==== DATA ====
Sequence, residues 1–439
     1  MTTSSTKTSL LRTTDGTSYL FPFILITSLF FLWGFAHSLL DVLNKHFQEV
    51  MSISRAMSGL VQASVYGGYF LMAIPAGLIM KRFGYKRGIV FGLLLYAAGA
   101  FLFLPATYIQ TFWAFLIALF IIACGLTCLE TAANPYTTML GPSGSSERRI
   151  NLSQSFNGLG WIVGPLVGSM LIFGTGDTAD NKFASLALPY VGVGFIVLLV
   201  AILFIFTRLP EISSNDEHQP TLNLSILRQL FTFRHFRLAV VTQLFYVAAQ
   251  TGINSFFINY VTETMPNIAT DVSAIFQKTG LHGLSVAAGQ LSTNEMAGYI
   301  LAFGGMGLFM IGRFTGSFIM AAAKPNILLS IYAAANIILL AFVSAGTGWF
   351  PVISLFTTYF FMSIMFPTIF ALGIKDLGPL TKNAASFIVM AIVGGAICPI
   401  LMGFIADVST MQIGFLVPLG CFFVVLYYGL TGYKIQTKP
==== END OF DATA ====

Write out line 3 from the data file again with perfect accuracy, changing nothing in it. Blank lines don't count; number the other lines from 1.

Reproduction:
    51  MSISRAMSGL VQASVYGGYF LMAIPAGLIM KRFGYKRGIV FGLLLYAAGA